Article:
Fuel Decline Slow

By Brian L. Milne, Refined Fuels Editor for DTN

Most gasoline prices at retail outlets across the country will continue to move lower as we begin October this week, which is consistent with the traditional price decline at the pump for the time of year as demand retreats after the summer driving season.

Earlier in September, most parts of the country also transitioned to winter grade gasoline formulas, which are less costly to produce and thereby offering lower costs at the pump for consumers.

Like so much else in 2008 however, there are factors that make this year’s seasonal change in gasoline prices less certain for all regions of the country, namely in the Southeast west to Texas. The reason is the supply disruptions caused by hurricanes Gustav and Ike that at one point shut-in more than 21% of the refining capacity in the U.S.

The lost gasoline production due to the storms came as refiners were making the switch to winter grade gasoline and, to make this transition had drawn down summer gasoline inventory levels. The transition exacerbated the lost gasoline production and the country’s gasoline supply level tumbled to the lowest level since August 1967.

Demand is also down, which has helped to ease the low inventory situation. In fact, in mid-September demand was down more than 7.5% against the comparable 2007 period at one point, while government data shows the consumption rate 2.2% lower so far in 2008 against last year.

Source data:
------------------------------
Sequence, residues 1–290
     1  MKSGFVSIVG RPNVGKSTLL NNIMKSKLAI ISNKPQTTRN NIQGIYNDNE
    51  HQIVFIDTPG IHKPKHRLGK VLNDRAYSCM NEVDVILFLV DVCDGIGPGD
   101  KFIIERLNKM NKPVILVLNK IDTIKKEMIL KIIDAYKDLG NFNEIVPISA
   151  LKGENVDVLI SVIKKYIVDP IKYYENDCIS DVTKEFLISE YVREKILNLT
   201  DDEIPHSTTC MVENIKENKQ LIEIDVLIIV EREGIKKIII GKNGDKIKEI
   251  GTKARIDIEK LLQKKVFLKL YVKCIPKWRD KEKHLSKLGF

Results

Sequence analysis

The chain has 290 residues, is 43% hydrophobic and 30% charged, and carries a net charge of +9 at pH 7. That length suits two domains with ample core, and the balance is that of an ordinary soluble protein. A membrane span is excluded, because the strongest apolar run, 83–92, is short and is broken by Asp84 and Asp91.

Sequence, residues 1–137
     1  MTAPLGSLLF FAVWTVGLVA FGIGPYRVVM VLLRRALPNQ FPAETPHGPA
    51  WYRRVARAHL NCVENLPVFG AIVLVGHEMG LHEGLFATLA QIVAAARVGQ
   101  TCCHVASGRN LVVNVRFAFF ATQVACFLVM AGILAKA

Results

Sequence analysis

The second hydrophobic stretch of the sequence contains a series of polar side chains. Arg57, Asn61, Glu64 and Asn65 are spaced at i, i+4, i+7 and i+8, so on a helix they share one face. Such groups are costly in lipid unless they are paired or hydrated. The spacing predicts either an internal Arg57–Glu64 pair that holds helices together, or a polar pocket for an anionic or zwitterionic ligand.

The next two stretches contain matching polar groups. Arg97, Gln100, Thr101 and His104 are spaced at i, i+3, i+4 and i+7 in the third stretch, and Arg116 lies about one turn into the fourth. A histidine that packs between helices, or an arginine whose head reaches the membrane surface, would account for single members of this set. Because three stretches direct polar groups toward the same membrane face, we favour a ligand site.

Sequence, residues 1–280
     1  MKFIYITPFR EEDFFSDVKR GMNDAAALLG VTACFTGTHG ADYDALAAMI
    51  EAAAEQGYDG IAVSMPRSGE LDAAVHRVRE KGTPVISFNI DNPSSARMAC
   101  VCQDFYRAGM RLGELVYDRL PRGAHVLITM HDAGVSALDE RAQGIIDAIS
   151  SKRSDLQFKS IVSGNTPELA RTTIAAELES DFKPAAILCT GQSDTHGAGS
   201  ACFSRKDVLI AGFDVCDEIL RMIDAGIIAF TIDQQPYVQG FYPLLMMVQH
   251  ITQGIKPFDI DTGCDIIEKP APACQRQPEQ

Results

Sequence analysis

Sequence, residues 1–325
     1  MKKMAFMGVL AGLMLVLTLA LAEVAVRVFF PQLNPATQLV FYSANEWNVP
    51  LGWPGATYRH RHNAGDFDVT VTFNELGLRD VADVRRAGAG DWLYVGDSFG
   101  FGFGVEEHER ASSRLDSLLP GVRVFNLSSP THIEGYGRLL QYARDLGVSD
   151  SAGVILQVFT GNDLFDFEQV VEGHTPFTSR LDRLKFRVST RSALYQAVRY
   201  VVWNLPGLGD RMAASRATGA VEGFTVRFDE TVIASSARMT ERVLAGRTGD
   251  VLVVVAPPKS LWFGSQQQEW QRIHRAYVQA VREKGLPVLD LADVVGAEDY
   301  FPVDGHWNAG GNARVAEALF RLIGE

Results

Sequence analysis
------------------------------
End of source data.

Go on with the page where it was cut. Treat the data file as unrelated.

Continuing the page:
Nationally, the Energy Information Administration (EIA) last reported the average price for regular grade gasoline down 11.7 cents to $3.718 gallon, which is still more than 90 cents higher than during the same period in 2007. The U.S. average will continue their decline as wholesale prices were mostly lower on the week.

But, motorists in parts of Texas and the Southeast might not realize a savings when filling up at their local station until the oil industry completes the restart of remaining refineries still shut in the aftermath of the September hurricanes.

About the Author
Brian L. Milne is the Refined Fuels Editor for DTN—a leading business-to-business provider of real-time commodity information services. Milne has been focused on the energy industry for nearly 14 years as an analyst, journalist and editor. He can be reached at brian.milne@dtn.com.


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